Over the course of the last couple years, parks, roads and trails across Wisconsin were forced to close after heavy damage from unprecedented flooding and storms. These closures during the pandemic where people are craving outdoor recreation are creating frustrations.
Over the course of the last couple years, parks, roads and trails across Wisconsin have suffered heavy damage from historic flooding and storms. In 2018, more than a foot of rain fell in six hours. The flooding washed out sections of highways 53, 63, 2 and countless forest roads in Ashland County. Between June and September last year, 32 state properties in 21 counties sustained nearly $8 million in damage due to rain, flooding and tornado events. County and national forests suffered similar damage, with many roads and trails washed out.
While many of those parks, roads and trails are now open, some closures remain while major repairs are ongoing or waiting for funding. To complicate things more, with so many people not working and many sports cancelled due to the pandemic, lots more people are getting out on trails and visiting parks to recreate.
This perfect storm of unprecedented damage to our parks and trails, reduced capacity for social distancing reasons, combined with a dramatic increase in demand for outdoor recreation is creating frustrations. People are moving barricades on closed sections of trails and sneaking into parks forced to close after they reach capacity.
I myself have expressed frustration about the barricades, concrete blocks and fencing around a sinkhole on the Milwaukee County Oak Leaf Trail. I didn’t understand why they were making it so difficult to get around what appears to be about three feet of erosion on the trail, when there is another 15 ft of usable path and shoulder. When I complained to Parks Department staff, I was told their structural engineer is concerned the rest of the trail could collapse another 10ft without warning and repairs are estimated at more than $600,000.
There has also been a lot of frustration with the closures and progress of still-ongoing repairs on the Elroy Sparta State Trail. Summer storms in 2018 forced the WDNR to close tunnels and long sections of the nation’s first rail trail, and probably Wisconsin’s most famous. While all three of the tunnels are now all open, sections of Elroy Sparta trail remain closed, as do parts of the 400 State Trail and Hillsboro Trail that connect with the Elroy-Sparta. To repairs to the three trails will cost more than $1 million.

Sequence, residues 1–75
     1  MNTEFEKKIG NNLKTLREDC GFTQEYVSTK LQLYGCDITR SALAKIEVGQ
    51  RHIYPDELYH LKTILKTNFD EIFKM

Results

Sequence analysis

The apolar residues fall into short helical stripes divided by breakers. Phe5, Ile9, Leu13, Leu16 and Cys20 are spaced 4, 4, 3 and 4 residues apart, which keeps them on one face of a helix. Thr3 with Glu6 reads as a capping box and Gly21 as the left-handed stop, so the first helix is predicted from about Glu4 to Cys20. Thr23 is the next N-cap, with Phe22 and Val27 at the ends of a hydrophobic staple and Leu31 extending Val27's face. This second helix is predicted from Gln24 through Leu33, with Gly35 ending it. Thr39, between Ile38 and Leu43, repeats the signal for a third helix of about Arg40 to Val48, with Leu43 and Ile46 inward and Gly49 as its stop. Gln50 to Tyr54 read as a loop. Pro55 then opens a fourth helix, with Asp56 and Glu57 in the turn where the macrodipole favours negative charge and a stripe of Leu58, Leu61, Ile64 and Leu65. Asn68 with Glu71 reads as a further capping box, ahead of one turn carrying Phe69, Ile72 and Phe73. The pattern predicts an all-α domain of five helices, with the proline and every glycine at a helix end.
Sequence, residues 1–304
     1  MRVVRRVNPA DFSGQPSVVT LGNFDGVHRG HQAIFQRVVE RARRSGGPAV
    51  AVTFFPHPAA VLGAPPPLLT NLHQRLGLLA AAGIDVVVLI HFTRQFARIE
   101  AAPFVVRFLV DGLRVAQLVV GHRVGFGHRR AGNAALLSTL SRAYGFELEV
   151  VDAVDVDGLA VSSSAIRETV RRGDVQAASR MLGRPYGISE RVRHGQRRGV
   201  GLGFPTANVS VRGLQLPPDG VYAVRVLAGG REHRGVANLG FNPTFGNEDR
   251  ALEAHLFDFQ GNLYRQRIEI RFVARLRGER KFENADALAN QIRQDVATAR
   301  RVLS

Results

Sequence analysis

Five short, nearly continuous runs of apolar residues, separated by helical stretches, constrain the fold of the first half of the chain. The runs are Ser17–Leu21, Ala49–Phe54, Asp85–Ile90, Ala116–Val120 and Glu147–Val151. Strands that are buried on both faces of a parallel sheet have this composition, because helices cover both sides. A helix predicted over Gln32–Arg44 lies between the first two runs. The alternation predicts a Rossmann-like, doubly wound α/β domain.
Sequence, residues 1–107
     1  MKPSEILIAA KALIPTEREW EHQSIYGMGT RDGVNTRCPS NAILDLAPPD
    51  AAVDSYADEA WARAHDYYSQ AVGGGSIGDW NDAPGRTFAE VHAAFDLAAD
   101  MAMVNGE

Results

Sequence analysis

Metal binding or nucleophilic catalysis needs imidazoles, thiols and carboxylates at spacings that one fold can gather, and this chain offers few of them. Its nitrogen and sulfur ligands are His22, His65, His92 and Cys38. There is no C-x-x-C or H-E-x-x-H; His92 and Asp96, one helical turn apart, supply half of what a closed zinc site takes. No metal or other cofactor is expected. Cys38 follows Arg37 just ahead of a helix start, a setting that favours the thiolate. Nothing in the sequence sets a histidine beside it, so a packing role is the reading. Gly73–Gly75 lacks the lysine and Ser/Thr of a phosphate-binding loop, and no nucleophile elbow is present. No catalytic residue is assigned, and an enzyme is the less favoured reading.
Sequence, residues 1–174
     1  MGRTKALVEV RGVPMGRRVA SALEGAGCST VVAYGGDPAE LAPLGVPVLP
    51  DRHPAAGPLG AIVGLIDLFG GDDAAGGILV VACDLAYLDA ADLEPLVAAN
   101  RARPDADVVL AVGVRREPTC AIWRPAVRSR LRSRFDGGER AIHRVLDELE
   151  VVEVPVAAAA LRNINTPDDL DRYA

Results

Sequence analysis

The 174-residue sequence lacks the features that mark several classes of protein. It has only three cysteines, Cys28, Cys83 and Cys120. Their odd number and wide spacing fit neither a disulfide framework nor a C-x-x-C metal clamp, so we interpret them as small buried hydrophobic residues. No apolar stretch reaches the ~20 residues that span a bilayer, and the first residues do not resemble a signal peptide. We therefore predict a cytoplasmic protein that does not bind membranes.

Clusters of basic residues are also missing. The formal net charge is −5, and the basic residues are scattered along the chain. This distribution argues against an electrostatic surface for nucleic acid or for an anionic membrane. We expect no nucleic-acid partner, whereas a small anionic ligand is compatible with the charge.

Given the crazy weather over the last couple years, the backlog of repairs and safety precautions during the pandemic, it is now a good idea to check current conditions before you ride a trail or visit a park. Most parks and trails have Facebook pages, websites and phone lines to get the latest information. Parks that are always in high demand, like Devil’s Lake for instance, might stop admitting visitors due to capacity reasons, so find out before you drive somewhere.
And rather than getting mad and complaining to a park worker (guilty) or ranting on social media, what if we all contacted our elected officials and asked them to prioritize parks and trails when they put together our county, local and state and budgets? State funding for Wisconsin State Parks and trails has taken a hit almost every budget over the last decade. According to the Federal Highway Administration, Wisconsin now ranks 44th out of 50 states in spending per capita. In 2010, the League of American Bicyclists ranked Wisconsin the second best state in the country for cycling. Last year we ranked 29th on their Bicycle Friendly State report cards.
Instead of moving barricades to avoid a trail detour, or sneaking into parks after they reach capacity, what if we made a donation to a friends group or trail organization? Or better yet, joined and volunteered our time to maintain a trail or park we enjoy? Many of the trails and parks we love rely on countless hours put in by a surprisingly small number of dedicated volunteers and trail builders. They need our help and support more now than ever.
The economic fallout of this pandemic will force many difficult choices for taxpayers at the local, county, state and federal levels. After things begin to return to normal, it is imperative we remember how valuable our natural outdoor spaces were to us during this pandemic as our elected leaders are faced with many difficult choices about cutting programs and funding. Greater investments in parks, trails and natural areas have been proven to create good paying jobs, improve our health, increase property values and help mitigate the effects of climate change